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Researcher's new book focuses on guestworkers in U.S.

GREENVILLE, NC   (Feb. 28, 2007)   —   One day in the coming years, David Griffith’s local pool of subjects for his research on agricultural migrant workers in the South might dwindle down to a handful – not enough for a true sampling.

The East Carolina University anthropology professor has studied the government’s H-2 program, the longest running guest-worker program in North America, for more than 25 years.

During his academic career, Griffith has studied rural labor processes and their national and international effects. He performed his doctoral research in Jamaica in the early 1980s and continues to make visits there, Mexico and Florida to document the changes.

In his new book, “American Guestworkers: Jamaicans and Mexicans in the U.S. Labor Market (The Pennsylvania State University Press, 2006), Griffith examines the effects of the H-2 program on the areas not only where the laborers work but also where they are from, and he considers the effects on the workers themselves.

The publication of his book is timely, even though the federal government first launched the H-2 program in 1943.

Currently, H-2 is the proto-type for a new program, dubbed the AgJobs bill, sponsored in the U.S. Congress by Senators Dianne Feinstein (D-Calif.) and Larry Craig (R-Idaho), to address the growing agricultural worker storage being experienced by American farmers. The Agriculture Job Opportunity, Benefits, and Security Act of 2007, known as the AgJobs bill, would amend the current application process for agricultural workers and replace it with an expedited process to hire foreign workers in the H-2 category.

“The H-2 program starts out with the best intentions,” Griffith said. “They wanted to replace illegal immigration. However, there’s a lot of opportunity for corruption. Over time, it has become what it meant to replace.”

As examples, he cited workers paying inflated rent to their employers and a payroll deduction scheme that lasted for almost 50 years for many sugar cane farm workers in Florida. A deduction for an insurance policy at a rate of 2 percent of their $4,000 pay per season was taken out from 1943 to 1992.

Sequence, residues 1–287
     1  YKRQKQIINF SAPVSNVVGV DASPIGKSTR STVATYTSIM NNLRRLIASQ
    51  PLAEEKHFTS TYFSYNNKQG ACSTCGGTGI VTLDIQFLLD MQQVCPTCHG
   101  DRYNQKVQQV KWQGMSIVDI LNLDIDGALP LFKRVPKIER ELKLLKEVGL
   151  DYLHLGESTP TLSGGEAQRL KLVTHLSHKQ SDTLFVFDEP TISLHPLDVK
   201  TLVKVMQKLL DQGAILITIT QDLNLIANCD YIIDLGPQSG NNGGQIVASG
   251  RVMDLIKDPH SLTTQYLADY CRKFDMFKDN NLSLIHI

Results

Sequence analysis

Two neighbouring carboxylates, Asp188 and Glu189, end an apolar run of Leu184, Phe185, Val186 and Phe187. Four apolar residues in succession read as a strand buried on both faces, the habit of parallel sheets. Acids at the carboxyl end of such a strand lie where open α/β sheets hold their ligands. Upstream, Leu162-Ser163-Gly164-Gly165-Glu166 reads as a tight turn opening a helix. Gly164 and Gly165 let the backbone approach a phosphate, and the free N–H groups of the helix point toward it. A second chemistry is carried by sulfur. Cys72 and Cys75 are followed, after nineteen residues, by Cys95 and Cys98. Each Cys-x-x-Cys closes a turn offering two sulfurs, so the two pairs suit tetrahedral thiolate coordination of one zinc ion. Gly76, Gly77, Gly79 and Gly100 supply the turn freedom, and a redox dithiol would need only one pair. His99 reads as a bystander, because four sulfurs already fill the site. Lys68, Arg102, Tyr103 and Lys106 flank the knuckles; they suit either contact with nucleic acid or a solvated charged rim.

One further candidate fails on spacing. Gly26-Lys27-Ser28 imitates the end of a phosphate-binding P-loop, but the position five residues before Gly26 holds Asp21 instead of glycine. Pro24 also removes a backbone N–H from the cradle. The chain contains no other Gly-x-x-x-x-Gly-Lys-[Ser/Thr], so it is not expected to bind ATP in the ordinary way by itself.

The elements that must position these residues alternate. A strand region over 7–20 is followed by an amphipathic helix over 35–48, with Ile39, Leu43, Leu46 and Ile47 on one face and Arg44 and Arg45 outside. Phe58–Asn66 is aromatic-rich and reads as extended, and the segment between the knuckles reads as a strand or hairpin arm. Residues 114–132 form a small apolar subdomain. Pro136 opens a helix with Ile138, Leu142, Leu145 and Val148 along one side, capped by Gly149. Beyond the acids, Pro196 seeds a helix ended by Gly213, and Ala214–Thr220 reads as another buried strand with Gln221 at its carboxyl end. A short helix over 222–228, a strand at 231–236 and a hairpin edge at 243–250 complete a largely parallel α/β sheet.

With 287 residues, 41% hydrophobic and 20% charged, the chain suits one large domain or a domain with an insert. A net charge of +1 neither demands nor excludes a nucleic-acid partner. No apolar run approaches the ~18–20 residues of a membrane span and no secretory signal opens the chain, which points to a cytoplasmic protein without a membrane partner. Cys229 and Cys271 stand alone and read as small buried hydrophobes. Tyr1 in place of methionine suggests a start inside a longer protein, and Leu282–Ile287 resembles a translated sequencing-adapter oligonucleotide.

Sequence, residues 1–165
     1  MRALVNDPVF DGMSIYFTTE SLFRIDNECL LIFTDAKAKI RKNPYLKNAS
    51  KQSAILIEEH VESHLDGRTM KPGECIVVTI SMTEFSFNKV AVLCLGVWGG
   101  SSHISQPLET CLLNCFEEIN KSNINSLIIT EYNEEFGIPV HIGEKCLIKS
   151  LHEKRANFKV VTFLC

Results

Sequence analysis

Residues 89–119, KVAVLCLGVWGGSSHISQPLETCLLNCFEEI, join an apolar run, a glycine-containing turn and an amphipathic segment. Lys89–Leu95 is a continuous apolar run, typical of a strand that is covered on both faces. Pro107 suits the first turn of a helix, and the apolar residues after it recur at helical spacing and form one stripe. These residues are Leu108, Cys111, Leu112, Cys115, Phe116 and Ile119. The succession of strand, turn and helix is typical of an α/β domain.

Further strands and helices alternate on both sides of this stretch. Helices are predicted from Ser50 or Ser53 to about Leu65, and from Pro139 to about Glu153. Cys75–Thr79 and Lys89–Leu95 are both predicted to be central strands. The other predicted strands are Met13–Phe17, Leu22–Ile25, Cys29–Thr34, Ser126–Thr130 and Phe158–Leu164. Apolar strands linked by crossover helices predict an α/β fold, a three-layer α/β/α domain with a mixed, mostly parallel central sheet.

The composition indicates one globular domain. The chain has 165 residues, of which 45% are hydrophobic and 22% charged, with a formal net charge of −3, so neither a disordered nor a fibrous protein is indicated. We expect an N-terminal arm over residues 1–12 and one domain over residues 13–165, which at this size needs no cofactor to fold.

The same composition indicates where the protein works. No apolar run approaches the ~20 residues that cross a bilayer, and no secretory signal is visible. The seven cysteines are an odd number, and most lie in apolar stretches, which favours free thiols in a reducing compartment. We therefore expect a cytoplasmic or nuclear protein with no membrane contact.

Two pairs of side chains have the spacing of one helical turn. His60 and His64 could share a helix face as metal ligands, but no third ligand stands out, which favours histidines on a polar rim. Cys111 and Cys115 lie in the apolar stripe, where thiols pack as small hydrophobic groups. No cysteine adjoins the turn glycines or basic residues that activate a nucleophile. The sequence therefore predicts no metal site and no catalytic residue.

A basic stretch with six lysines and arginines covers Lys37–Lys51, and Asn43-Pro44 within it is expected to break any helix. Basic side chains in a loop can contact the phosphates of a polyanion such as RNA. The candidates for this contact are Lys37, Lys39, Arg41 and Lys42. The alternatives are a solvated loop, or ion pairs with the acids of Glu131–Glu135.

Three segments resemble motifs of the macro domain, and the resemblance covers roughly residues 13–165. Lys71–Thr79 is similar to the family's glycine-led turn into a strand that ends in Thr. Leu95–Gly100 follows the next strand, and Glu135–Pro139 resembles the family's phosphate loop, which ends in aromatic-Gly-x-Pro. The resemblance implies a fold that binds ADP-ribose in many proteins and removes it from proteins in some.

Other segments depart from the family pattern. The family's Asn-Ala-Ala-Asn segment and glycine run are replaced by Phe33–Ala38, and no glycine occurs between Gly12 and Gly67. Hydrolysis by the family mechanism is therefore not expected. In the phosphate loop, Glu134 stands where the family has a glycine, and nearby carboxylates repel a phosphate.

“When I would ask them to explain the deduction shown on their check stubs, they would say ‘It’s McDonald’s.’ That was the name of the insurance company. Not one person told me that they knew how to make a claim or knew anyone who had made a claim,” Griffith said.

Another problem with the H-2 program, Griffith said, was that it would bind one worker to an individual employer. “It’s like indentured servitude,” he said.

“One thing in AgJobs bill that is better is that documented workers can work for more than one employer,” he said.

Griffith pointed out that for the workers coming to America, it is hard work picking farm produce all day, often six weeks a week; however, the jobs pay more than in Mexico and Jamaica.

“The money goes back to help the family in Mexico or Jamaica. Today it’s mainly Mexicans coming to work in U.S. fields. There has been a shift away from the Caribbean. At least 50 percent of the pay goes back,” he said. “They spend money on clothes and shoes to send back to their family.”

In North Carolina, most of the H-2 workers come to work in cucumber or tobacco fields or to pick thousands of crabs. In the winter, they help harvest thousands of Christmas trees in the N.C. mountains.

“Some employers will visit the guestworkers down in Mexico. The farmers see them as key personnel and will request the same workers over and over,” he said.

Griffith does wonder what will happen to the guestworkers and their dependent families as the down turn in the production of tobacco continues in North Carolina and farmers turn more and more to c


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